'Top Chef' Winner Melissa King on Finding Her Confidence Between Seasons 12 and 17 (Exclusive)
By Stacy Lambe
Top Chef season 17, All-Stars: Los Angeles, drew to a close in classic fashion, with the final three contestants laying it all on the line as they tried to impress the judges, including host Padma Lakshmi and Tom Colicchio and Gail Simmons, by cooking the best meal of their lives. Melissa King emerged victorious over fellow contestants Bryan Voltaggio and Stephanie Cmar to take home a cash prize and as Lakshmi says every episode, “the title of Top Chef.”
Speaking with ET after the finale, King recalls taking a moment to herself after she won. “I just kept thinking, ‘Oh my god, I just won Top Chef.’ Everything, all the energy and emotion and everything that I put into it, all the hard work paid off in that moment.”
Of course, it would be months before she could share the news with anyone. The season, which premiered in March and ran through June, was filmed last year, with their trip to Italy in the finale taking place in the fall. “It’s very difficult to hold onto a secret for this long,” she says. “I feel so relieved that it's out in the open and that I can actually celebrate the actual journey with family and friends.”
For King, that journey started in 2014, when she first competed on season 12, Top Chef: Boston, where she finished in fourth place. “I was a much younger chef,” she says. “I was still finding myself and being comfortable with my style of cooking and my confidence as a person. Even applying for the show, like, completely terrified me.”
Despite not taking home the title, she says that it was an amazing journey of self-discovery and she came out of it a much stronger person. “I really just took that energy and carried it over the next five or six years. And the point where you see me now, I feel I very much have found my voice in food and the type of cooking that I want to do and present to the world.”
So when it came to competing on season 17, King says she told herself to “just believe in yourself, cook your food and don't let the game or the competition get into your head too much.” A prime example of that was during their first competition in Italy when she decided to cook the prosciutto they were given to compete with.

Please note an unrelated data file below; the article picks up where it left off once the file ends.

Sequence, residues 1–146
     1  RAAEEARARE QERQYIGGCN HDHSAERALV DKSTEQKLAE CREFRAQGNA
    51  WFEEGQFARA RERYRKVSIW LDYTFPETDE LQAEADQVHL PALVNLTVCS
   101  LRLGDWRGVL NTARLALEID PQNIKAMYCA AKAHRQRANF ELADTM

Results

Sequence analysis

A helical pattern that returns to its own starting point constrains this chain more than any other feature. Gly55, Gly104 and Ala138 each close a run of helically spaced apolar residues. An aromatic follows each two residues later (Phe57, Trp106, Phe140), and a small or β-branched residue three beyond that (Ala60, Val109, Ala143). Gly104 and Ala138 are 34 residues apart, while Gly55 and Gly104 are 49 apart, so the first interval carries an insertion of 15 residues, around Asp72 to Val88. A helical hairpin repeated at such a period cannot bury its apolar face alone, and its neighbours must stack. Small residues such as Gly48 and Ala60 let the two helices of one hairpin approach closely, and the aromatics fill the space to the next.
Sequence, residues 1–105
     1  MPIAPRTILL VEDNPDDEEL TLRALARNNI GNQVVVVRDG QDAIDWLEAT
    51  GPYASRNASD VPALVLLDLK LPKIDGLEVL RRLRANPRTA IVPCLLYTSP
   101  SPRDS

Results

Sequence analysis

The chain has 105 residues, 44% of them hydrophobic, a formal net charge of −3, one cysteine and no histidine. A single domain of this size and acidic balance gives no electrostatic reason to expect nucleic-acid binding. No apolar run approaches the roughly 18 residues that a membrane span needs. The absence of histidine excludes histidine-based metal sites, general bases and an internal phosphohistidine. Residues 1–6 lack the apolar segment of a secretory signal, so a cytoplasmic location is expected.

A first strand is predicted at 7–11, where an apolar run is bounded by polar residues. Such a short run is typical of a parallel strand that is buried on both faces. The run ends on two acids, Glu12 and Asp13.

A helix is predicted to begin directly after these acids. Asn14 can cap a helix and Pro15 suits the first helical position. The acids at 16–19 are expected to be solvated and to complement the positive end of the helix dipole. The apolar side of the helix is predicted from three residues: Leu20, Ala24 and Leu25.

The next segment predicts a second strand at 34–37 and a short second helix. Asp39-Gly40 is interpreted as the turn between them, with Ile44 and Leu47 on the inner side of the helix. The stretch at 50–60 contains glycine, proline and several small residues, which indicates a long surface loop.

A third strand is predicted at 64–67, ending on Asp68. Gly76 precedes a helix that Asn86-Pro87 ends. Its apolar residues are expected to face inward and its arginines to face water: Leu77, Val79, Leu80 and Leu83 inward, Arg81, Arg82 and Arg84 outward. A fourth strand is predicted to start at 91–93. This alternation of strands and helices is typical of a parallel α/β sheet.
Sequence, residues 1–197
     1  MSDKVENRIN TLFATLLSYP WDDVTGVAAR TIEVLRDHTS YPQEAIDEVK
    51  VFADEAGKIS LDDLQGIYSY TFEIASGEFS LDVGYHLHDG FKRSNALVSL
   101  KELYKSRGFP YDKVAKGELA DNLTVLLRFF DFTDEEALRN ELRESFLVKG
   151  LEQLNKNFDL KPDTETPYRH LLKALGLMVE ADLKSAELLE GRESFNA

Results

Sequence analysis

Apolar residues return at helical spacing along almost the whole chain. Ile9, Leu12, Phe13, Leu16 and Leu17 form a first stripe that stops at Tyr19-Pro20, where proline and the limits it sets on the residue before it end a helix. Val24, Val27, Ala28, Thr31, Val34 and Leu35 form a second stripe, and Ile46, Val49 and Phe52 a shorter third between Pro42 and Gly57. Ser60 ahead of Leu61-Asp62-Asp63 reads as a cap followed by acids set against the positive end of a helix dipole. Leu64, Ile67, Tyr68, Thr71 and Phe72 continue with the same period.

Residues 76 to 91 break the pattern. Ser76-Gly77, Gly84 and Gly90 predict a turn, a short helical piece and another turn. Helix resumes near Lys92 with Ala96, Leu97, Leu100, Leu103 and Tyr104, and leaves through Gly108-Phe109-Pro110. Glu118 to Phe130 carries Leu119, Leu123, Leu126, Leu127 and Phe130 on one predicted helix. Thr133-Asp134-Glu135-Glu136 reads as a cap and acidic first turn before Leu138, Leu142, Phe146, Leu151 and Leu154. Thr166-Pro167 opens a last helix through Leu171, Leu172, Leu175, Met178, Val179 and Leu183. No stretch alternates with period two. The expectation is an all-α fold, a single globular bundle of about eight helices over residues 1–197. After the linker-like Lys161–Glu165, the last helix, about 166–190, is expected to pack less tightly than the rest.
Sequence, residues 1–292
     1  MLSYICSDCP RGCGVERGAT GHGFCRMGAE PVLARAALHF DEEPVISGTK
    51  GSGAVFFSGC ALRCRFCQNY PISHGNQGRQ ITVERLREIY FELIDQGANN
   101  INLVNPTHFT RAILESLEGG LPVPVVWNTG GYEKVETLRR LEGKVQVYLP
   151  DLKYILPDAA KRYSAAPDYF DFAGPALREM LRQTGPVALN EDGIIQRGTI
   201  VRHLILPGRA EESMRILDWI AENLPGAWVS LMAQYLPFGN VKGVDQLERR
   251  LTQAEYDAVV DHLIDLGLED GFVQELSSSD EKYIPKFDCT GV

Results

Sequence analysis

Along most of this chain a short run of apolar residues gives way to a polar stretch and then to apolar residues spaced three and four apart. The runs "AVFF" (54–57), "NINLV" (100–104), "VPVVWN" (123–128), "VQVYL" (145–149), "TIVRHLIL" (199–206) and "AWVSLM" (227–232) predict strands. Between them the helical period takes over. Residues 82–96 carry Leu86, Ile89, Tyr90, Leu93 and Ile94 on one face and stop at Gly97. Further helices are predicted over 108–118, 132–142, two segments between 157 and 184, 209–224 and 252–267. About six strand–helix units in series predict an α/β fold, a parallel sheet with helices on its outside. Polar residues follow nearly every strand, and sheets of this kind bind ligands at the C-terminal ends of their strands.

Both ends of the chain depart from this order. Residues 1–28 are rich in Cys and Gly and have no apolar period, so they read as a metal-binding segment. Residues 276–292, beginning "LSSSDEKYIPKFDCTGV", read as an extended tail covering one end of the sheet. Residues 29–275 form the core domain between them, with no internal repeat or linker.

“Everyone was telling me not to cook the prosciutto,” she recalls. “But you know what? I’m going to cook the prosciutto because it’s going to be great and it’s going to taste good. And so I think just staying true to that, staying true to my gut was what really carried me through.”
Also helping her confidence was being out and proud this season, joking about having her own version of Roman Holiday with “a cute girl on the back of the bike.”
“The first time around, I was only out to my parents and my sister and friends, but I was not out to my grandparents, aunts and uncles and extended people in my life,” she says, adding that when they watched season 12 in real time, “that was the moment they were really learning all of me and seeing all of me.”
“I’ve certainly gained so much confidence in being a queer Asian American woman,” she says of “feeling much more confident and in my skin.”
But as a queer person of color, she’s also acutely aware of what’s been going on around her, from the COVID-19 pandemic that has resulted in racist attacks against Asian Americans to the intersection of the Black Lives Matter movement and Pride. So, before it was also announced who won the Top Chef fan favorite competition -- which she did by the way -- she said she would donate the $10,000 prize to the Black Vision Collective, The Trevor Project, Asian Americans for Equality and the Asian Youth Center in Los Angeles.
“It was so important for me to do that, knowing the climate that we're in,” she says. “The culmination of everything that’s been happening in the quarantine world is what really made me feel I need to do more.”
And when it comes to the future of Top Chef, which Lakshmi previously told ET will go through necessary changes to reflect the realities of the coronavirus outbreak as well as the ongoing protests against systemic racism, King says the number one thing it can do is continue to focus on diversity.
“That’s really the one thing I love about the show. I do feel, from my own experience on my seasons, they’ve done a very good job diversifying the type of people you see in this competition,” she says. “I would like to see more of that, more representation of marginalized communities.”